For my part, I think it suffices both to grasp the authoritarianism of the Mensheviks' preferred "bourgeois democracy" and to understand the importance of October, although that reason was deformed and betrayed by Bolshevism, to study the social struggles at work not only by workers in Petrograd, Moscow and other cities, but of the landless peasants most notably in the Ukraine, as known through Makhno's and other similar accounts that tell quite clearly of a proletarian revolution already in the making months before October that was, however, to be overturned by Bolsheviks' bureaucratic coup d'etat -- a reading that does comply one bit to the bourgeois-democratic argument proposed by some Marxists then or now.

author by ajohnstone - socialist party of great britainpublication date Sun Apr 12, 2009 05:00author email alanjjohnstone at yahoo dot co dot ukauthor address scotland ukauthor phone naReport this post to the editors


"...Regarding A. Johnstone's comment ... I do believe he was arguing that the revolution was inevitably capitalist, and so the issue then as framed by Kautsky, Martov etc. was to make it democratic, something that was not possible in the Bolshevik scheme of a "proletarian" minority seizing power..."

Thank you Kevin for concisely explaining what i so obviously failed to demonstrate to Wayne's satisfacvtion . The point of a revolutionary movement in a pre-revolutionary situation is to ensure the growth of proletarian power and the defence of the class . The Bolsheviks failed to do so , emasculating what workers organisations existed , sacrificing their independence and strength to the altar of their One Party Rule .

Yes , Lenin was once an adherent of "stageism" if i recollect the term correctly , Wayne , and yes Trotsky did also critiqued Lenin as a Blanquist .
I may have mentioned this article before on Anarkismo . I certainly find it a very honest article by a Trotskyist . In my comment i stated that a choice was made by Bolshevism , nothing was inevitable . This article also emphasises that important point

"DURING the whole period I was active in the Trotskyist movement, I accepted the view that the revolution of October 1917 was a great leap forward on the road to socialism, and that the regime it established was a healthy workers’ state until it started degenerating from 1923-24 onwards with the ascendancy of Stalinism and the defeat of the Trotskyist opposition. Since then a closer examination of the actual history of the revolution has led me to question this view. As early as the summer of 1918, the Bolsheviks had lost the support of large sections of the working class and of the peasantry, and were ruling dictatorially...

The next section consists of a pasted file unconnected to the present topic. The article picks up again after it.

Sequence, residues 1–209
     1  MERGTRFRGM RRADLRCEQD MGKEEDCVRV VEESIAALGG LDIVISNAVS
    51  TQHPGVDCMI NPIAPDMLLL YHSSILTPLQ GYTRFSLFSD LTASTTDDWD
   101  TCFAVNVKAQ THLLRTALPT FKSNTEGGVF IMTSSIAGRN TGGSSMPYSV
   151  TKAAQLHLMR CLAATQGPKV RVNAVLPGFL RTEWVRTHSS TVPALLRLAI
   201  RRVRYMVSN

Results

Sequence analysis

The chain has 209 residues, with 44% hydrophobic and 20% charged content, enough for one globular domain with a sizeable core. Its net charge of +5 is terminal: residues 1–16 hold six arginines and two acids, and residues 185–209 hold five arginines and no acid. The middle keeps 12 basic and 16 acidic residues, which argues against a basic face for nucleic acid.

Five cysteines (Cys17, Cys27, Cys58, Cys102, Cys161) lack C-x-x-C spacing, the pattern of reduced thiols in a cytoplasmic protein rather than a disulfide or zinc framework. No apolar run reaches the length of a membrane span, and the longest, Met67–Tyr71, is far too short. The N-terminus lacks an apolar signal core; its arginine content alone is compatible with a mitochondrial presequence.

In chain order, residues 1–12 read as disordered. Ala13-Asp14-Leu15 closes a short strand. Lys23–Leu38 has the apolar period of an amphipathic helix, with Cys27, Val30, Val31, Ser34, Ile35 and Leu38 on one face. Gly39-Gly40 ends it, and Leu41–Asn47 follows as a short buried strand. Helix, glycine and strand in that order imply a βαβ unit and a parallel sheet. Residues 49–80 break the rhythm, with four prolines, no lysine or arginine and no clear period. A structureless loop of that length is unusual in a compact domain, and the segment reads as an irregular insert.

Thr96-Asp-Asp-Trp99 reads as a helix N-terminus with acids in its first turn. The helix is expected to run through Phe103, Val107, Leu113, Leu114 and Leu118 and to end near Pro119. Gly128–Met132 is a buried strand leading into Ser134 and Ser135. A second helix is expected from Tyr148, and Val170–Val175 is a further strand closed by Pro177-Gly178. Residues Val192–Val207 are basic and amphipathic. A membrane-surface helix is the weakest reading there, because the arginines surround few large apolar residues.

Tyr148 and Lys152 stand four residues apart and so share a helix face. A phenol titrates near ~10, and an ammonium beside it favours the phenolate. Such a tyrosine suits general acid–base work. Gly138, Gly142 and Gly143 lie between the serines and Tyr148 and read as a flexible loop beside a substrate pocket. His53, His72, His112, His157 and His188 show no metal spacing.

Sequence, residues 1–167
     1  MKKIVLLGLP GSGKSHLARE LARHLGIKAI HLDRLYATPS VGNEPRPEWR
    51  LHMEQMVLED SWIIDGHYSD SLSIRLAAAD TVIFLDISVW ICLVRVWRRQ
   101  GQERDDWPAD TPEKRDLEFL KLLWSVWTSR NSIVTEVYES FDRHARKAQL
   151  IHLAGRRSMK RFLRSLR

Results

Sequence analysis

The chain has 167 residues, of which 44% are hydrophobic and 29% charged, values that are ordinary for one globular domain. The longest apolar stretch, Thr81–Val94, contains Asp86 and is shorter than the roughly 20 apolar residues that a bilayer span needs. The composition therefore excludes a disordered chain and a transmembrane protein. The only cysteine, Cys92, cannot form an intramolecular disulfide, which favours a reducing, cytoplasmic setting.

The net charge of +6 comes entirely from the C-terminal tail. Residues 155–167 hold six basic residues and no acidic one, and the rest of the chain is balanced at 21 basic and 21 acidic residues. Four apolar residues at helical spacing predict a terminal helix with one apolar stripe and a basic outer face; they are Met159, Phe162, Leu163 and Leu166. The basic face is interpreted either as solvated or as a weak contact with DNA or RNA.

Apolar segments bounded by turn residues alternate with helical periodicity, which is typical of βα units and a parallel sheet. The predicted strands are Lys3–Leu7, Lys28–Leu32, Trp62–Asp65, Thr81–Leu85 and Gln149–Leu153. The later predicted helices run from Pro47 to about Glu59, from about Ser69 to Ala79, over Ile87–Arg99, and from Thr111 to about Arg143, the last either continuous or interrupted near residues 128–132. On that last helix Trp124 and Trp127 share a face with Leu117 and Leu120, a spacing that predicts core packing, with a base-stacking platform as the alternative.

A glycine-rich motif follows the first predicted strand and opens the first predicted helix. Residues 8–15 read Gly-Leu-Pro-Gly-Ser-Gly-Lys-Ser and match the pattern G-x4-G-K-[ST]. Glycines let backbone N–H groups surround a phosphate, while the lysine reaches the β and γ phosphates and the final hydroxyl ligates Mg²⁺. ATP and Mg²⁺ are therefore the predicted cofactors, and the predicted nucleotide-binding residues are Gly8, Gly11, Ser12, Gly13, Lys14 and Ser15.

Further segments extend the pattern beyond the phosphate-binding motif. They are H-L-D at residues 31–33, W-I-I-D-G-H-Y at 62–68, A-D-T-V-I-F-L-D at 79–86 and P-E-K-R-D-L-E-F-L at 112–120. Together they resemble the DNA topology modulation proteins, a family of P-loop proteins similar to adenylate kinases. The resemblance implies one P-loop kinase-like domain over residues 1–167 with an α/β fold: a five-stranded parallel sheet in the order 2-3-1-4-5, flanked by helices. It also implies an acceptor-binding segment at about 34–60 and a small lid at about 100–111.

...The disillusion of the workers was expressed in a declaration by the striking workers at the Sormovo factory in June 1918: "The Soviet regime, having been established in our name, has become completely alien to us. It promised to bring the workers socialism, but has brought them empty factories and destitution." A workers’ protest movement, the Extraordinary Assemblies of Factory and Plant Representatives, was formed in March 1918 with a membership of several hundred thousand at the height of its influence in June.

The response of the Bolsheviks was to nationalise the factories, replace workers’ control by one-man management, and dissolve the oppositional Soviets. By the summer of 1918 with the departure of the Left SRs from the government and the suppression of their uprising, and the Red Terror unleashed by the Cheka, the Bolshevik one-party dictatorship was in place. Any popular control from below of the Soviets or the government had disappeared.

In addition, there is ample evidence that the hard core of devoted self-sacrificing Bolshevik party cadres were already being swamped by careerists and corrupt elements in the party and Soviet institutions. In September 1919, a report landed on Lenin’s desk showing that the Smolny was full of corruption.

In the light of these facts, one can no longer uphold the Trotskyist thesis that from 1917 to 1923-24 the Soviet Union was a "healthy" workers’ state, and that the degeneration into bureaucratic dictatorship took off only afterwards...